This fourth and final blog post is about our stay in France, especially Paris, Toulouse and Tournefeuille.
On 8 June, we left Amsterdam and took a Thalys TGV train to Paris. We arrived there at 15:00, relaxed a bit at my uncle’s and aunt’s place and had a nice Italian dinner there.
The next day, after some nice Parisian pastries, we left for Place Charles de Gaulle also known as Place de l’Étoile. As typical tourists (and despite having already been there in the past), we could not miss l’Arc de Triomphe, les Champs-Élysées, la Place de la Concorde and le Jardin des Tuileries.
For lunch, we headed toward Le Marais, one of the most iconic quartiers of Paris and we had lunch at a typical Parisian bistro called Bouillon Chartier. The food was excellent and we liked the ambiance and decoration as well.
In the evening, we went back to where we were staying and met some family members.
On the 10th, we left Paris for Toulouse in a Ouigo train, the low-cost version of the TGV. The trip was OK but, now that we know, we’ll only get the Inoui TGV trains for our interior trips. We arrived in Toulouse at 17:30 and Stéphane, my brother-in-law who had returned from their holidays in India on the same day, came to pick us up.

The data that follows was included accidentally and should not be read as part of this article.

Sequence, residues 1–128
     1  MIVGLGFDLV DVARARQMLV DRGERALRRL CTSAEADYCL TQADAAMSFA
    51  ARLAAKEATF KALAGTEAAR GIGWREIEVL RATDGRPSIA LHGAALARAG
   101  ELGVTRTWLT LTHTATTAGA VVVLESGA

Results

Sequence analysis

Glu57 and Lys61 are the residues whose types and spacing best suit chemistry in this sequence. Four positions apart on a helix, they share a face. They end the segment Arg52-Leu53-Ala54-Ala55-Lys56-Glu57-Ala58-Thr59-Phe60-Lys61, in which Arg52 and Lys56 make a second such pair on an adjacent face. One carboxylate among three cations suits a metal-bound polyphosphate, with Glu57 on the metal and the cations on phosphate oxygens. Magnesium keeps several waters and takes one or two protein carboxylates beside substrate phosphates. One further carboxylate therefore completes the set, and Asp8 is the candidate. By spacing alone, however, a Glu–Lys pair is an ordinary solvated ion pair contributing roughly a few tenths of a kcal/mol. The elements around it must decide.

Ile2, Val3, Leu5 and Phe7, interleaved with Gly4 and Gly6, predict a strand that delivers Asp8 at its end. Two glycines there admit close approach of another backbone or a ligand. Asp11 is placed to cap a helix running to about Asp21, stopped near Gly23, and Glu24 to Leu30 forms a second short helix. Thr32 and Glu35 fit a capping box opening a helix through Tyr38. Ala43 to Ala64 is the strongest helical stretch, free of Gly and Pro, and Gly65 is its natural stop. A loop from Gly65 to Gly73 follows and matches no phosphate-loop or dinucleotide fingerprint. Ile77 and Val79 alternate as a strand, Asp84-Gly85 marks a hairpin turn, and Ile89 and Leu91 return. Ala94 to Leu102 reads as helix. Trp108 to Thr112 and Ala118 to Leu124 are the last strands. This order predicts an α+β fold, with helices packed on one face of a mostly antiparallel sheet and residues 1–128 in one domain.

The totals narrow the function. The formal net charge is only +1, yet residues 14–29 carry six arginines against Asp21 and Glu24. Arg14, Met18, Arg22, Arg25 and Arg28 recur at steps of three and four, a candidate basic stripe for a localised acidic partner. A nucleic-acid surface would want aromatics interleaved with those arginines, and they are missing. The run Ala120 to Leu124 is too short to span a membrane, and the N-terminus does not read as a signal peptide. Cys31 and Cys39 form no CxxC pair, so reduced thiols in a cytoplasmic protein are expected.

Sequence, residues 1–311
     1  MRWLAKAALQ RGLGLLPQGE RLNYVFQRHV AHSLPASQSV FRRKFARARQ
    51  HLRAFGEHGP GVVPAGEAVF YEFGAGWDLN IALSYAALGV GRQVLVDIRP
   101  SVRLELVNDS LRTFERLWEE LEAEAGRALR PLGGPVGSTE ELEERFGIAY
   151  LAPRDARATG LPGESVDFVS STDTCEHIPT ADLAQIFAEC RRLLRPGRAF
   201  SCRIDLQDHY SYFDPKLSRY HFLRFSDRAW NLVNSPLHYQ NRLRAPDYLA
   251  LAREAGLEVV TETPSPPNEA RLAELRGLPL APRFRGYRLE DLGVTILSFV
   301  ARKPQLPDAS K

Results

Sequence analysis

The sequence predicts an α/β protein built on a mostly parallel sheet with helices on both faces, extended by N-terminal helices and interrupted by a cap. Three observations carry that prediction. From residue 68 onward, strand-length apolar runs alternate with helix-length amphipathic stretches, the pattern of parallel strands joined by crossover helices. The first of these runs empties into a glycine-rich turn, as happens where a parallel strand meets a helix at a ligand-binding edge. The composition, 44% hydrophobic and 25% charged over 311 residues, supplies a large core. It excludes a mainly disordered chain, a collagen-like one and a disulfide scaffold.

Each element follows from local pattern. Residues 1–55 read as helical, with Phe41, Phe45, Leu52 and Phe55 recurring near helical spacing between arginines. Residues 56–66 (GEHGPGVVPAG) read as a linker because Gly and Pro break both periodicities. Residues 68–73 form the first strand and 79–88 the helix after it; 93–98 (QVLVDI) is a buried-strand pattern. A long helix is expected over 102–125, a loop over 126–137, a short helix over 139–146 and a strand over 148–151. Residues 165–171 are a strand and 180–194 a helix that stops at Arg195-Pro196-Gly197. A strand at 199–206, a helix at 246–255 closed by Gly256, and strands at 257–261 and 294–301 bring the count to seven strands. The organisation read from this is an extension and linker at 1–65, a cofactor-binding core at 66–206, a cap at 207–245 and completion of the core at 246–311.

We arrived in Tournefeuille at 18:30 and, at last, we were reunited as Anya and Cherina were waiting for us. We were all very tired, had a nice dinner and drinks, cool conversations before going to bed while the sun was setting…
On Sunday 11th, we decided to stay home and help Stéphane mow the lawn (which had grown quite a bit while they were away in India). Then, we had a great barbecue lunch with Stéphane’s mum. In the evening, we watched some nice videos courtesy of Anya, played some games, drank some new beers and had a light dinner.
The next day, Stéphane had to resume work. Cherina took us to Cordes-sur-Ciel, a fortified town which was built in 1222 on a hill above the clouds that frequently collect in the river valley and which has become a popular tourist destination (according to Wikipedia). We had lunch in a really nice restaurant called La Planche de Bacchus which, in addition to serving great food and wine, has a patron sympa! We stayed at Cordes-sur-Ciel until 15:30 and we then drove back to Tournefeuille before the heavy traffic.